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The Winston-Salem Journal has published an excellent column by good government advocate Bob Hall of Democracy North Carolina that is worth sharing far and wide in the coming days:

“Maybe you’re heard the rumor that you can’t vote if you have an outstanding traffic ticket. Or you must re-register to vote if you skip an election. Or your ballot will be rejected if you mark the straight-party option but don’t mark your choice for president first.

These claims are all false.

As an independent watchdog group, Democracy North Carolina tracks all sorts of misinformation. Voters should learn about the candidates, but it’s also valuable to know your basic voting rights so you won’t be intimidated or discouraged by the next rumor that seems a little scary.

Here’s a list of 20 tips that we’ve verified with the State Board of Elections:”

Read all 20 by clicking here.

 

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Two nonpartisan good government groups — Common Cause and Demos — are out with a new study today that warns about plans to block ballot access in North Carolina and nine other states. This is from the release accompanying it: 

“Common Cause and Demos have analyzed laws in 10 key states governing voter intimidation and organized efforts to block Americans from voting . The report reviews Colorado, Florida, Missouri, Nevada, New Hampshire, North Carolina, Ohio, Pennsylvania, Texas, and Virginia, summarizing each state’s practices, and providing a set of recommendations for improvement. Read More

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Former state representative Stephen LaRoque appeared in federal court in Raleigh last week to face charges of theft and money laundering. Pending trial in Greenville at a later date LaRoque was released on an unsecured bond and restricted to travel within the 44 counties of the Eastern District of North Carolina. That has not stopped another case involving LaRoque from making it all the way to the Supreme Court in Washington DC. The spotlight will be on voter suppression, namely the constitutionality of the Voting Rights Act, not LaRoque, though LaRoque’s name and statements appear in documents submitted to the court, including statements referring to his status as a state legislator.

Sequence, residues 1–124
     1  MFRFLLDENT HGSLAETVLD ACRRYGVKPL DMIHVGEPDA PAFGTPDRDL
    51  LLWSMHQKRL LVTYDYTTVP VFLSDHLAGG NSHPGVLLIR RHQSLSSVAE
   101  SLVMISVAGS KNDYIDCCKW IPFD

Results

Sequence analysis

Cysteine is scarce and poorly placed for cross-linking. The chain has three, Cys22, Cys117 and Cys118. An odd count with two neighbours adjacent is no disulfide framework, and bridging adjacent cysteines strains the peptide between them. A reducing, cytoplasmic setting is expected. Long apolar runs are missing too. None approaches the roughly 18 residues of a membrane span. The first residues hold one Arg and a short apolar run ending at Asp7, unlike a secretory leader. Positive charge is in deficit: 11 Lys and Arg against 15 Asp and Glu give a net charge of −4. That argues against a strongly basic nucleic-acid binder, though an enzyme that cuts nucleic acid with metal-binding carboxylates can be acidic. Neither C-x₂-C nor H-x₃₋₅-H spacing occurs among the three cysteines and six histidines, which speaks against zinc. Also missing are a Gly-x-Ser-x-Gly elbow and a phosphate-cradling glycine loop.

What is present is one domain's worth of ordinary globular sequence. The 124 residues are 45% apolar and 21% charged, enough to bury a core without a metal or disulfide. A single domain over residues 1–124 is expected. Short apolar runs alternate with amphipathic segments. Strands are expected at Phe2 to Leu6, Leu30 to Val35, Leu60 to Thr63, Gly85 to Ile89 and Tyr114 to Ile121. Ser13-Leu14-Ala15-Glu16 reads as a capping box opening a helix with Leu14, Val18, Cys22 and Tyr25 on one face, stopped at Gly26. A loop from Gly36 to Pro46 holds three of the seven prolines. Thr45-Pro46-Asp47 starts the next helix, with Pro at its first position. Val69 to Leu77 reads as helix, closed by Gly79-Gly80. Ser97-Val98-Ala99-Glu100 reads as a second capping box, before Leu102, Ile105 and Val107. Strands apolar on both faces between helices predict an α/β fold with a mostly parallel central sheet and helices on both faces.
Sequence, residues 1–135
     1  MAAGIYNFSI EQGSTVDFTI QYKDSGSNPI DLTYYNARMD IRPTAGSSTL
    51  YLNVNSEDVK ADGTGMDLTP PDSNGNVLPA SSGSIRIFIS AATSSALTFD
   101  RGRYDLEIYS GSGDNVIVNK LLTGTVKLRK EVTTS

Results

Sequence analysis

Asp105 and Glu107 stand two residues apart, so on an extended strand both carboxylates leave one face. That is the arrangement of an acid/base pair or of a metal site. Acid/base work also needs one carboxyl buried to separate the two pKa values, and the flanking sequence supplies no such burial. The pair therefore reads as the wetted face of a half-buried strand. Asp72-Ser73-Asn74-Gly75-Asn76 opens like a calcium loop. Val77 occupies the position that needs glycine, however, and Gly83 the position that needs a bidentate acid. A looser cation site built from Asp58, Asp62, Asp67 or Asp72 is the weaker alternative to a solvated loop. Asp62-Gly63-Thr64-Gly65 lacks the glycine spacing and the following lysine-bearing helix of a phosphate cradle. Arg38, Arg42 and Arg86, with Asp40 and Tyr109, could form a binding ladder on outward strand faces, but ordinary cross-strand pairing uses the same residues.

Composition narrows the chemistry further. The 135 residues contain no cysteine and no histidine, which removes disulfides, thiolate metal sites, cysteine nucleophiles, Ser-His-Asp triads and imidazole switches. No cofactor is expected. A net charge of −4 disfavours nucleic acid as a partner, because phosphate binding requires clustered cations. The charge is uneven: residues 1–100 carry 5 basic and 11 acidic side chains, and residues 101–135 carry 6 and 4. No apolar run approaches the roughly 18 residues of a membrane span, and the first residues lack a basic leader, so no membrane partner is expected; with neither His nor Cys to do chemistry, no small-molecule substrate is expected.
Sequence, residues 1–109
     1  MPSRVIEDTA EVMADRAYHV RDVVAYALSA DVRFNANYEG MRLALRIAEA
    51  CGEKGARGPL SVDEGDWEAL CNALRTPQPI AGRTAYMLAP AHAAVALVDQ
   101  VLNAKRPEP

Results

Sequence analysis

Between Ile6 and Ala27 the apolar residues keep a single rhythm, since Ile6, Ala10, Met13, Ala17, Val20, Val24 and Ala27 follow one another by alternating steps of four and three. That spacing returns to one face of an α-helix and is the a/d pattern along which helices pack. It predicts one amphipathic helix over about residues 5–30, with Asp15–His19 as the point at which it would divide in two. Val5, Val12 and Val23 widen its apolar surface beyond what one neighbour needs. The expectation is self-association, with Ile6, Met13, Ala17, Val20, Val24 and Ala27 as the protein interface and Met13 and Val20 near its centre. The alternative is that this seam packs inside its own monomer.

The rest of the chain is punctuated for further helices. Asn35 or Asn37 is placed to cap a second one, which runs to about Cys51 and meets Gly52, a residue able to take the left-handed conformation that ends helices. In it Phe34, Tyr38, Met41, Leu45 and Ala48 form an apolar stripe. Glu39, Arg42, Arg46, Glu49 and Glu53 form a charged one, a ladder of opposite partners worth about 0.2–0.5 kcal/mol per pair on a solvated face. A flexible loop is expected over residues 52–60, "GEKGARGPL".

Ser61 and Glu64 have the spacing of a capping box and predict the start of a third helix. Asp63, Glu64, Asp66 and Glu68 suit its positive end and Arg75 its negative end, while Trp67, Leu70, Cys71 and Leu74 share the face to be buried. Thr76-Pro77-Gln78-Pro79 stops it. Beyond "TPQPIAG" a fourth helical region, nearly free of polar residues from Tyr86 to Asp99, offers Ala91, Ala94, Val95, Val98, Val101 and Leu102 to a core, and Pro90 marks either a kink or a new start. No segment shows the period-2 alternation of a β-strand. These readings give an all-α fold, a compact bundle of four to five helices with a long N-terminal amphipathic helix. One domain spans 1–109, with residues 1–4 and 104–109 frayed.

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Young voters were a key constituent group in the 2008 presidential election, and they may yet play a key role in not just the presidential race, but also in state and local elections.

To protect the right to vote, students from Shaw University, St. Augustine’s College and N.C. State will speak out at the General Assembly today at 1 pm against voter suppression through stringent Voter ID laws.

Meanwhile, a separate effort by The Student Engagement and Empowerment Network (SEEN), a network of historically Black colleges and universities in North Carolina, aims to draw out young voters during the early voting period leading up to election day on May 8.

For this campaign, SEEN is partnering with N.C. spoken word and hip hop artists to produce videos and performances, engaging the youth in awareness of and participation in the state and local politics.

Check out this video featuring spoken artist Poet.She:

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Click here for more information on SEEN’s efforts.